The Otago Lifestyle


An irrigation canal took me most of the way to Albert Town where a new mall was just built, and dust from mounds of unlandscaped earth blew into a newly-opened bar. A nicely lettered sign hung there - IITYWYBMAD.

“What does that mean?”

“If I tell you, will you buy me a drink?” said a woman on a barstool, droll, dangling one shoe off her toe.

“Okay,” I said.

If I tell you will you buy me a drink,” she said.

“Yes,” I said, “I will.”

Yellow leaves slanted down to the river and were borne away. The trail between Albert Town and Wanaka was lined with poplars and overlooked the Clutha - not the longest, but in water volume the biggest New Zealand river. Even here, no more than a kilometre from its Lake Wanaka source it was a powerful river. I walked through the yellow drifts of early
Autumn alongside the broad flat expanse of the river, the swirl and tumble of it whenever the channel narrowed.

I came in to Wanaka through Penrith Park in the afternoon. On these outskirts Aspiring Real Estate and other agencies had staked out the
subdivisions. Further in a Jet Ranger helicopter sat on a lawn, and the house behind was long, low and heavy in the Frank Lloyd Wright style with wide expanses of glass and square chimneys.

Wealth had settled in here with houses of Otago schist, slate rooves, Cinderella gates and sweeping driveways. Or the dwellings were upright and clean-planed post-modern with cacti and yew trees, and names like Camelot. People were building their dreams here. It was architectural, it was arriviste. It reminded me of something - the blue sky, the rocky hills, the well watered lawns, the tinted glass - it was California beside a lake.The sunset came on. Red light painted the glass, the mountaintops and the huge smooth flanks of lenticular clouds. It was classic. It was picture window material. You could see the attraction of what the real estate signs called the Otago lifestyle.

The pink Hyundai circled in Wanaka’s main street, I touched a pole, and we went up to stay with local vet and photographer Gilbert van Reenen. He and his wife Robyn were putting us up in a town that was very short of beds. The three-day airshow Warbirds over Wanaka began the next day and the Catalina, the P38s, the DC3 were already droning in the sky. At the airport nearby they tested the PA with Vera Lynn songs.

Gilbert and I sat down that night to study the proposed Te Araroa trail around the Wanaka Lake Shore to Glendhu Bay. Ralph Warburton had pioneered the trail that began just out of town and headed for the bay. The Otago Regional Council had lately taken over, improved, and named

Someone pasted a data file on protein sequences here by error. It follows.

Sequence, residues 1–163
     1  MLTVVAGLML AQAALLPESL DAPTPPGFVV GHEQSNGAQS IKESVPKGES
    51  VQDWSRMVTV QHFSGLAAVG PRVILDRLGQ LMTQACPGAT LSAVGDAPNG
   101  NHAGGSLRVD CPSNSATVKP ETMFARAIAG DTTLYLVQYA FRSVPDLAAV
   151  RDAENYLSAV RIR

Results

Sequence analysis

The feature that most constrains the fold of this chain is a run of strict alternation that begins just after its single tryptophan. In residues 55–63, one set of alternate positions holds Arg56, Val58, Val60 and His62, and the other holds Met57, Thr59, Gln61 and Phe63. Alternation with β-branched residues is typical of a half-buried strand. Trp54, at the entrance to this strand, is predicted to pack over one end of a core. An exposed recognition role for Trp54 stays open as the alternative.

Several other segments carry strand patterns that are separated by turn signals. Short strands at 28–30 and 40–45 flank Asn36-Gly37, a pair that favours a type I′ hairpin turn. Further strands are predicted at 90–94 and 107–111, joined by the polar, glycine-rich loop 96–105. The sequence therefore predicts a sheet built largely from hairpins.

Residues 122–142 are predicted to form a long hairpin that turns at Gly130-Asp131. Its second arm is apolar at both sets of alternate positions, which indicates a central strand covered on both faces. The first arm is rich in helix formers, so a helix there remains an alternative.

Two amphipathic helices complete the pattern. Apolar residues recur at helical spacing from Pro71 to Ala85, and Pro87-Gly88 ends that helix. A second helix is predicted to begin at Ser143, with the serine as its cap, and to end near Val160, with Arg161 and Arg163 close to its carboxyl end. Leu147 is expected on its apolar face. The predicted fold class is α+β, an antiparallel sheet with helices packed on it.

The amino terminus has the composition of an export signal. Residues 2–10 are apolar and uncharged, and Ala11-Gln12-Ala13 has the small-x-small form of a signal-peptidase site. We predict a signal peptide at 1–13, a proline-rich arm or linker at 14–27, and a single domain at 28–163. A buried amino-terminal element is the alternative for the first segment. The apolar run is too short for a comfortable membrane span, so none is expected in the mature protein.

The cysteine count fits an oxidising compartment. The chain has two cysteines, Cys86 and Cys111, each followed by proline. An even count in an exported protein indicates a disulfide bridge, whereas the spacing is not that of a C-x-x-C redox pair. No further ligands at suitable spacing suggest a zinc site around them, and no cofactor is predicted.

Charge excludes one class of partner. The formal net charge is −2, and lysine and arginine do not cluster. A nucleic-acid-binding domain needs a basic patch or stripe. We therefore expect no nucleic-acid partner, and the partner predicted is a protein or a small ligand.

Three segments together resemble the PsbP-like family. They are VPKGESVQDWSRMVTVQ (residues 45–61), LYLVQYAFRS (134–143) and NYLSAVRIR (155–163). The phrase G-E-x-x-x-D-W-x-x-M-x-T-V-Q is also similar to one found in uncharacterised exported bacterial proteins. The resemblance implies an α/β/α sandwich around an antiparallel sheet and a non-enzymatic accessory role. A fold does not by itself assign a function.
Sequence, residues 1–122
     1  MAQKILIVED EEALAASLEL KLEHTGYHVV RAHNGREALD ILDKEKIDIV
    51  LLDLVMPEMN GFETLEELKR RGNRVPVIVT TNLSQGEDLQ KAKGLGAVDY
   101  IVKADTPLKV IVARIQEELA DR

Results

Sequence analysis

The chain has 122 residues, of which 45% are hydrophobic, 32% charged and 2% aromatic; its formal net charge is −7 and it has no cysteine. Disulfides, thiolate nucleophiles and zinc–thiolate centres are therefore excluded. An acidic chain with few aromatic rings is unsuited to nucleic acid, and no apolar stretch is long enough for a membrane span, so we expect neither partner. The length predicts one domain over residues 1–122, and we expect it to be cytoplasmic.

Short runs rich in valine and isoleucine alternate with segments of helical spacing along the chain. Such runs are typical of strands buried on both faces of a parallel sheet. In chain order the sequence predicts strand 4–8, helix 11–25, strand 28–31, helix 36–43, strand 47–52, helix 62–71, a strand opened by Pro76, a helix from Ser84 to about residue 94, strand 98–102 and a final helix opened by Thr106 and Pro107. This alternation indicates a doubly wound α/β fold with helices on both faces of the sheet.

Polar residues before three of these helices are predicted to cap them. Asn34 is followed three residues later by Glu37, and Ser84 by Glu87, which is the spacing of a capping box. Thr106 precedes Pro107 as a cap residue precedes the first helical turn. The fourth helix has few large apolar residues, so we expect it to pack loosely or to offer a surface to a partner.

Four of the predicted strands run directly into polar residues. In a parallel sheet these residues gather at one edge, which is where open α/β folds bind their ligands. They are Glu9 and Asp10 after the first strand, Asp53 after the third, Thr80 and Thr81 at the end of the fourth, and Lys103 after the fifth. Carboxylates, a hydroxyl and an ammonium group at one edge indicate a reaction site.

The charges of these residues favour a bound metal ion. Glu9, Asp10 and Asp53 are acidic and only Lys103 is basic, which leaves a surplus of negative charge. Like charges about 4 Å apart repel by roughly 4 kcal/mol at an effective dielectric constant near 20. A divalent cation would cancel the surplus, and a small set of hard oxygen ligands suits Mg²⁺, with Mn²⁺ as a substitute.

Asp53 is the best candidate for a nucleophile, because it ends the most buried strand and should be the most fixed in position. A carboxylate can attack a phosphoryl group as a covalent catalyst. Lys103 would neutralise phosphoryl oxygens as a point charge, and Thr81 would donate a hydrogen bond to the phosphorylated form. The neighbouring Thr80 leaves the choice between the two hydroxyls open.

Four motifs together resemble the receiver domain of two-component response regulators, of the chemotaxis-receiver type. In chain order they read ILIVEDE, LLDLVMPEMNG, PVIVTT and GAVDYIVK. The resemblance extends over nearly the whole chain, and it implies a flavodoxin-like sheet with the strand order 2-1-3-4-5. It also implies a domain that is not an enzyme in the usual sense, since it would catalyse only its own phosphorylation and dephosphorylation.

the Warburton Walk. But it wasn’t complete. The key was access across the station that began where the walk ended - Alphaburn. I took notes. The station was in the Crown Tenure Review process. In negotiation with the Commissioner of Crown lands, the sheep farmers on the big pastoral leaseshold properties were freeholding some of their land, but by tradeoff giving up those parts with natural or recreational values. Te Araroa Trust would seek, along with other groups, walking and cycling access round the lakefront to complete the walk.

I talked to Ralph Warburton by phone. He was an ex-Franz Joseph Glacier guide, a cross country skier now aged 83, and I tried to discern what drives a man to make a walk -

“I’m a nature lover,” Ralph said. “There’s no other way I know where you get closer to reality. Mooching along these trails you really have the time to absorb what’s around you and to let it seep into you. I’ve always felt that way.”

I walked his walk at evening looking back on the lights of Wanaka from the bluffs. I met a Swedish cyclist coming back the other way, and asked him where the track ended, and how best I might go on from there to Glendhu Bay. He didn’t hesitate. He’d been raised in the European tradition of freedom to roam.

“The track ends in forest. Its steep. It would be tricky. You’ll need to go over the fence a kilometre or so before the track ends and across the farms.”

I climbed the fence. I expected farmland and was surprised by a sudden vision of a tall house whose whole frontage was a glass atrium. Sited by itself on a bluff, faced out toward Mt Aspiring and far from the road, privacy was not an issue. Momentarily I felt like a spy, didn’t like the
feeling and beheld it only for a moment, remembered only its cleanliness, its fixing of lights and polish and crystalline things before I ducked away behind a hill, climbed carefully over electric
fences and passed a pleasure boat parked in a hollow. I made my way down to the highway and out to the campground at Glendhu Bay.